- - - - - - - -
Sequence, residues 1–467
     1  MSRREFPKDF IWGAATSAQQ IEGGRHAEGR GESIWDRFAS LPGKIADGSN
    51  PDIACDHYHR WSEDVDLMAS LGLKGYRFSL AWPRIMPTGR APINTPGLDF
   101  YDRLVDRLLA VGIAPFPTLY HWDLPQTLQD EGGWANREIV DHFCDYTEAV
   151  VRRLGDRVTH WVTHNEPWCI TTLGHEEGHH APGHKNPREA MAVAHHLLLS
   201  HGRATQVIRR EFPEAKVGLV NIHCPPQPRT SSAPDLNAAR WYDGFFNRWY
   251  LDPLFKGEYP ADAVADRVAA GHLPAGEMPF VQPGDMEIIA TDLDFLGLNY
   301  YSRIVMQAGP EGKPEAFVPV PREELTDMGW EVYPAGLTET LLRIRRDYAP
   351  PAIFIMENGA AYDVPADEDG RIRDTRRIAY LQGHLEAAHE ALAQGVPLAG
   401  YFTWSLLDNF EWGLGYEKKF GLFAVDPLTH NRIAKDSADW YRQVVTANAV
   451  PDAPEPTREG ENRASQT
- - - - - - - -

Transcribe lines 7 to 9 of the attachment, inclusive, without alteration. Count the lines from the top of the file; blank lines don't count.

   251  LDPLFKGEYP ADAVADRVAA GHLPAGEMPF VQPGDMEIIA TDLDFLGLNY
   301  YSRIVMQAGP EGKPEAFVPV PREELTDMGW EVYPAGLTET LLRIRRDYAP
   351  PAIFIMENGA AYDVPADEDG RIRDTRRIAY LQGHLEAAHE ALAQGVPLAG